By Anne E. Kornblut
Washington Post Staff Writer
Tuesday, April 13, 2010; A15
Last month, Attorney General Eric Holder narrowly escaped a grilling before the Senate Judiciary Committee -- thanks to the signing of President Obama's health-care reform package on March 22, which preempted all other activity on the Hill.
This week, Holder may not be so lucky.
With the hearing now scheduled for 9:30 a.m. Wednesday, Republicans on the committee are planning to confront Holder on a range of recent controversies.
Chief among the Republican targets: Holder's announcement, since reversed, that the administration planned to try Khalid Sheik Mohammed, the self-proclaimed mastermind of the Sept. 11 attacks, in federal court in lower Manhattan. No new arrangements for a venue have been made. And the decision is now being managed by the White House rather than the Justice Department, putting Holder in the awkward position of having to defend a decision that has been overruled and is still in limbo.
But that well-worn territory may be the least of Holder's concerns, according to several Judiciary Committee officials.
Republicans are livid about Holder's failure to include in his confirmation questionnaire that he had written friend-of-the-court briefs in the terror case of Jose Padilla, arguing that civilian trials were appropriate to handle terror suspects and keep executive power in check. Holder sent a letter apologizing to the committee immediately after the amicus briefs were disclosed, but "there is still a lot of anger there," one Republican aide said.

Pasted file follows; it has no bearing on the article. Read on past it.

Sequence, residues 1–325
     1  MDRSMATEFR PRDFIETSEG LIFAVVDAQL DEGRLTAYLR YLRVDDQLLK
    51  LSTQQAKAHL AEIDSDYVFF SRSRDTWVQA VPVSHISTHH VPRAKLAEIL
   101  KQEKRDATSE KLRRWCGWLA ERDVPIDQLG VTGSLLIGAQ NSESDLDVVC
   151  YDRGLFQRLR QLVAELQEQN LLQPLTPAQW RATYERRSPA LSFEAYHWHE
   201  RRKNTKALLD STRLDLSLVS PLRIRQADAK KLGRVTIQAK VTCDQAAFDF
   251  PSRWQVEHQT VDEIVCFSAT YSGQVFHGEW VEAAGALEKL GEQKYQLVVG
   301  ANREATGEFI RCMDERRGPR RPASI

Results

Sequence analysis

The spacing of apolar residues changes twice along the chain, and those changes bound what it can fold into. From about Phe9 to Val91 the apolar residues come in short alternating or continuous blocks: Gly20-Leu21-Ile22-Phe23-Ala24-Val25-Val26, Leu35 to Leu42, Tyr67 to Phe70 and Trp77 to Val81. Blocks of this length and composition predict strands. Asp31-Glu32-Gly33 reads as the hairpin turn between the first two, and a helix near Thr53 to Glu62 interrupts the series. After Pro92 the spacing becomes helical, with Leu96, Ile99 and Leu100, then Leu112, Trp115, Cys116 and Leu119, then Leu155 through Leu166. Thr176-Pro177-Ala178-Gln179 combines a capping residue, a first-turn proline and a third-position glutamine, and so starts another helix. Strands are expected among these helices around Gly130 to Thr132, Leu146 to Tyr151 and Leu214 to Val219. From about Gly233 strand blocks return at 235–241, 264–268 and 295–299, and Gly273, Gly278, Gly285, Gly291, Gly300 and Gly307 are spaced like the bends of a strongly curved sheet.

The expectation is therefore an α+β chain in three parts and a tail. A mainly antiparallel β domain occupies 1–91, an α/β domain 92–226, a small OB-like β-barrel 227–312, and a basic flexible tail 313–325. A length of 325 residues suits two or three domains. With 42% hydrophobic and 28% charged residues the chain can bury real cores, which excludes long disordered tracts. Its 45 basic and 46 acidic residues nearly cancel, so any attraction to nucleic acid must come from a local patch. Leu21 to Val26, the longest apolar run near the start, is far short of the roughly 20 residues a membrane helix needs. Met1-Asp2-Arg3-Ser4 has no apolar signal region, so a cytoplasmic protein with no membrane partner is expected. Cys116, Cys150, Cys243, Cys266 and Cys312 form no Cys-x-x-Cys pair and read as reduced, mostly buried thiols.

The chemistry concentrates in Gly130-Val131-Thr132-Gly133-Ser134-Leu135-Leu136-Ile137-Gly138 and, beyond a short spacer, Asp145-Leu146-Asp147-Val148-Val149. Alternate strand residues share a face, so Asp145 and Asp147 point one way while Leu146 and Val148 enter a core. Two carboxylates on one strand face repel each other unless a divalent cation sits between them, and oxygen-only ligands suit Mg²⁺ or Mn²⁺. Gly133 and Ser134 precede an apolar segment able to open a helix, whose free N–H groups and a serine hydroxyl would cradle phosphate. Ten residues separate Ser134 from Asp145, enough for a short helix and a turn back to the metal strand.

And there are questions about his recent public statements. The last time Holder appeared on Capitol Hill, testifying before a House Appropriations subcommittee, he had a testy exchange with Republicans over his intent to use civilian courts for terrorist trials. At one point, he declared that, far from coddling terrorists, the administration would never capture the most wanted al-Qaeda leader alive -- but would instead "be reading Miranda rights to the corpse of Osama bin Laden."
That triggered a debate within the administration over the policy for handling bin Laden, with Gen. Stanley McChrystal, the commander of U.S. and NATO forces in Afghanistan, contradicting Holder the following day. McChrystal said the goal was "certainly" to try to capture the al Qaeda leader. But the bigger question, according to both Democrats and Republicans on the committee, may be the use of Miranda warnings overall, in the wake of the attempted attack on an airliner as it landed in Detroit on Dec. 25. In that case, Umar Farouk Abdulmutallab, a 23-year-old Nigerian who is accused of trying to blow up the airliner, was read his Miranda rights nine hours after his arrest after an initial round of questioning.
Still, Holder may expect some friendlier questioning from Democrats. Sen. Benjamin Cardin (D-Md.) recently visited the Guantanamo Bay military facility and may ask questions about the prison and plans for its closure. And Chairman Patrick Leahy (D-Vt.) may talk to him about drug prevention programs.